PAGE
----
The second step is colour, which has a psychological impact on people. Using branding colours and logo colours effectively may have a significant influence on how your brand is pictured by customers.
Red, yellow, and blue are the primary colours, which are also known as the “original” colours. They may be combined to create secondary and tertiary hues as well as every shade in between. Let’s look at the meaning they convey.
Red is well-known for its strong and vibrant personality, which evokes powerful emotional responses in people. It can stimulate hunger, enthusiasm, and worry. Restaurants frequently include red in their logos to take advantage of the increased appetite. Red is also used as a colour to give off an exciting and adventurous vibe.
In history and literature, red has been connected with love, desire, and passion for a long time. Women of ancient Egypt used to paint their lips red to appear more attractive. The crimson hue is associated with notorious red-light districts. This colour has a lot to do with Valentine’s Day, doesn’t it?
The purest form of yellow evokes warmth, happiness, and calm in our opinion. Yellow’s highly visible hue is also a colour that catches people’s attention right away, frequently used to convey caution, road signs, and security vests. Yellow is a popular colour choice for retail enterprises since it is more visible, making it appealing to consumers.
Blue is associated with positive sentiments in general, and it is a favorite colour of many brands. It has a soothing quality and is used to symbolize peace, trustworthiness, and loyalty.
After you’ve discovered the foundation elements of your design, it’s time to collaborate with a designer to bring your brand identity to life and turn who you are as a business into realizable design assets that you can use in marketing.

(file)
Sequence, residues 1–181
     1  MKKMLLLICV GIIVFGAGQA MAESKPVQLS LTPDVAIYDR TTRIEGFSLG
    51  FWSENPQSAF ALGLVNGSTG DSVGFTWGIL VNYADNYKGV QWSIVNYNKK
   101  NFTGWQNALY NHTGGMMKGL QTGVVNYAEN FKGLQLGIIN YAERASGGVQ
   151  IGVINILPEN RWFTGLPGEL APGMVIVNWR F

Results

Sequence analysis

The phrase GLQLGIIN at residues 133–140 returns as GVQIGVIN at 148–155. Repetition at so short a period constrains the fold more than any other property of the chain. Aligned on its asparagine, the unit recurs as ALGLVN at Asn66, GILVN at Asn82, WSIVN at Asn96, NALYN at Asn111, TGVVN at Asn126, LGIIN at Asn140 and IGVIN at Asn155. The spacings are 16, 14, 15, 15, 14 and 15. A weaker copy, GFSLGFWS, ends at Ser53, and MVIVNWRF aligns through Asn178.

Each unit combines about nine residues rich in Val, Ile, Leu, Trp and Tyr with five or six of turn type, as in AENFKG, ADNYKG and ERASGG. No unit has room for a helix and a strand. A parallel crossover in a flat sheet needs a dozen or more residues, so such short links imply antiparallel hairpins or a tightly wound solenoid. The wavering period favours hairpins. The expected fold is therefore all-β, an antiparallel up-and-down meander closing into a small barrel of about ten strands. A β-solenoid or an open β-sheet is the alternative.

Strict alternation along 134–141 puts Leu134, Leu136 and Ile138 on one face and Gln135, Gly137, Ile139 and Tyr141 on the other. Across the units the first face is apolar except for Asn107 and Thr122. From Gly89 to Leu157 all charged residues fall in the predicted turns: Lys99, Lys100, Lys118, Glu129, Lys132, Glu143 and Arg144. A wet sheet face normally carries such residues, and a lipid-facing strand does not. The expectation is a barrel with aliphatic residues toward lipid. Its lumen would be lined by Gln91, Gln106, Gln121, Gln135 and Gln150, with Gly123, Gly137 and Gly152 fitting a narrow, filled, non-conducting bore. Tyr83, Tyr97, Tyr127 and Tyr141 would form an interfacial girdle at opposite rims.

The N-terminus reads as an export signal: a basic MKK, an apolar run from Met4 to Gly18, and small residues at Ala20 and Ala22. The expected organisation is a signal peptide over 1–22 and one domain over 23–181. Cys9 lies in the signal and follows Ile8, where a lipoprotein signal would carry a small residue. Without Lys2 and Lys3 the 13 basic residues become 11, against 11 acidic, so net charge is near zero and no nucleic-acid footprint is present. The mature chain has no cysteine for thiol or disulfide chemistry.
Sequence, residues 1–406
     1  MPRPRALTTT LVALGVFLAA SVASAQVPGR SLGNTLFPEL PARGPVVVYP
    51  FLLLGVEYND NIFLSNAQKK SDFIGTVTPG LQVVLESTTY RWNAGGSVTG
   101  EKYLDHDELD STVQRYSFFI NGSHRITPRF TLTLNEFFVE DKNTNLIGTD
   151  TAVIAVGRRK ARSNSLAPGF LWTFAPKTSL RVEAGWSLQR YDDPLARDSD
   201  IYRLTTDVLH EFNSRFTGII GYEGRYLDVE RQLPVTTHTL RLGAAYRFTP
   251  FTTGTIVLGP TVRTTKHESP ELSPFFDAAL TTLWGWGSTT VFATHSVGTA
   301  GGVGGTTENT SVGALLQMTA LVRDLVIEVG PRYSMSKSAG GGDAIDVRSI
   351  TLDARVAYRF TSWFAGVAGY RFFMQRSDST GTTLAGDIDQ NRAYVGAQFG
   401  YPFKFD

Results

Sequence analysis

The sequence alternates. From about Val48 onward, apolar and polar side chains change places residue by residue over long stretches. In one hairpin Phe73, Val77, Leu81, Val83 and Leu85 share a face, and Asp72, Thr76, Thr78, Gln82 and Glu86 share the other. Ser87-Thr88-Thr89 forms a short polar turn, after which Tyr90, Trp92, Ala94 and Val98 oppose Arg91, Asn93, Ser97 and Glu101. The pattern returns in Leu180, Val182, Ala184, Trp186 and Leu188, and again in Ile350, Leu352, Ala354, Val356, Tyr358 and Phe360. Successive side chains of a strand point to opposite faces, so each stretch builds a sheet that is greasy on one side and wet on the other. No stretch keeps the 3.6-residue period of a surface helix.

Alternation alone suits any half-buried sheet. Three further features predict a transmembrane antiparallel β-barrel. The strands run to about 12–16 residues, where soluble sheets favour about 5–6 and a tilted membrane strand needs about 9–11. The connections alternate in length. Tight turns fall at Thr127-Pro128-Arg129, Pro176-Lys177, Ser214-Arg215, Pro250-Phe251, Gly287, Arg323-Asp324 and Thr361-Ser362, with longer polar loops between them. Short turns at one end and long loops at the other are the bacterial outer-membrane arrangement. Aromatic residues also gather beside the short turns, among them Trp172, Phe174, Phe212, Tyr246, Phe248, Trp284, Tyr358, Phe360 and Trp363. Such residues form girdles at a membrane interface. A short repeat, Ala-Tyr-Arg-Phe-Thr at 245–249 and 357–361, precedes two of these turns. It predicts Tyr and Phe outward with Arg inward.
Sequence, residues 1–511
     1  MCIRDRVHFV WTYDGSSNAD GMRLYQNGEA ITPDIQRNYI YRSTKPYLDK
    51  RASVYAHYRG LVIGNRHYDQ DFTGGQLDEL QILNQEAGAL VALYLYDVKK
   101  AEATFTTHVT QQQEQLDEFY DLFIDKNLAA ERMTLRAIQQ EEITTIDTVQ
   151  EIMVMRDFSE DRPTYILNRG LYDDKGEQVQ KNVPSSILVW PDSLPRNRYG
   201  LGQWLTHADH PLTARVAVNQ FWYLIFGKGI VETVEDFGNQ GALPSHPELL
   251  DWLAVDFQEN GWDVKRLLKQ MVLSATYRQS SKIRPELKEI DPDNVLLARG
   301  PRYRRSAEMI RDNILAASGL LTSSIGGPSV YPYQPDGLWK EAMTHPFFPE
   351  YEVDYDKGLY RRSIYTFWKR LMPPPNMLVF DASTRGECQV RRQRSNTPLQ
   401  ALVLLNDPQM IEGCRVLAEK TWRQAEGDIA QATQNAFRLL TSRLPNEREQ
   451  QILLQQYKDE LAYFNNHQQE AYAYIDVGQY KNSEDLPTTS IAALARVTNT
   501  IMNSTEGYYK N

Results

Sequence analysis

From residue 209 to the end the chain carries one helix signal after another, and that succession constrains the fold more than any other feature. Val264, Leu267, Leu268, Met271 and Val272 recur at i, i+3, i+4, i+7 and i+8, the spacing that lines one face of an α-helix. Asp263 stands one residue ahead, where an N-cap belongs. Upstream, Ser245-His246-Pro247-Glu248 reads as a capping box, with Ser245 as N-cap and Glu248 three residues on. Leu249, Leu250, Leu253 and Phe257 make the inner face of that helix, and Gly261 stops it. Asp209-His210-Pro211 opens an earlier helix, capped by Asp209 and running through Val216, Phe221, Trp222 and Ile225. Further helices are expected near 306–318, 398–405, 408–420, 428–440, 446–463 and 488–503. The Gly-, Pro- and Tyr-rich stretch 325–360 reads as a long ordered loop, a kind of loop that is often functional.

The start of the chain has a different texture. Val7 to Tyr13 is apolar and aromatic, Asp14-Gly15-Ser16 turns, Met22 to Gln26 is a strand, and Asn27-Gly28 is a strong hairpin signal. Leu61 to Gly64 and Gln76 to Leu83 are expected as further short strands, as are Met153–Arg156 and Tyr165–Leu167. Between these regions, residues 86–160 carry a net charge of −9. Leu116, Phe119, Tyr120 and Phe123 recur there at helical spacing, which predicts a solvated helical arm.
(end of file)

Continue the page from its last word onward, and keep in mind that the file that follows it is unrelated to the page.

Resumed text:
The relative importance of one asset or another varies depending on your company’s line of business. A coffee shop, for example, should devote significant effort to its menu and physical environment. An eCommerce shop, on the other hand, must concentrate more on its website and social media profiles.
The logo is the brand’s entire personality reduced to an easy-to-spot image. It’s usually the first encounter you have with a company. The goal of a logo is to produce an impression that stays with you and evokes memories about the business when you see it again.
“Eat fresh.” “Just Do It.” Do you recognize the companies that keep behind these well-known taglines? Right, they’re Subway and Nike’s famous slogans. They are the brand’s messaging centerpiece.
The tagline is a little more descriptive than the logo and provides additional information and context for it. It doesn’t just inform people about what you do, but also about what to anticipate.
Your website is one of the most identifiable elements of your company’s identity. It’s your virtual business card, so it should be spotless! Your potential clients will certainly look over your website before deciding to deal with you, especially if you’re running an online company or a digital product.
The following are the 8 essential aspects of a well-optimized website:
- It is mobile-friendly.
- It has no code errors.
- It gives visitors a pleasant experience as it loads quickly and interacts without delays.
- It is informative and best serves a searcher’s intent.
- It is regularly updated and refreshed.
- It has a sitemap and drawn schema markup.
Don’t hesitate to get in touch with our SEO specialists if you need assistance optimizing your website for Google. We have almost ten years of expertise in digital marketing in London and are delighted to help businesses with their SEO.
The tangible or intangible elements that consumers connect with a brand are referred to as brand imagery. It might be a box, package, experience, toy, or sensation. It can originate from any of the five senses, and each consumer may react to it differently.
The scent may be an effective form of brand imagery. Many Starbucks consumers appreciate the unique aroma of a Starbucks shop. The heart shape, roses, and chocolates are all part of Valentine’s identity.
Developing a positive emotional connection to your brand is just as crucial as developing a strong visual identity. Consider how you may use visuals to create branded experiences for your customers.
Make a fantastic brand from the bottom up
As you can see, creating a brand does not simply entail creating a logo! Your brand’s visual appearance and feel are created from a three-dimensional body of design options, assets, and distinctive branding elements that all operate together to provide your company’s distinct look and feel.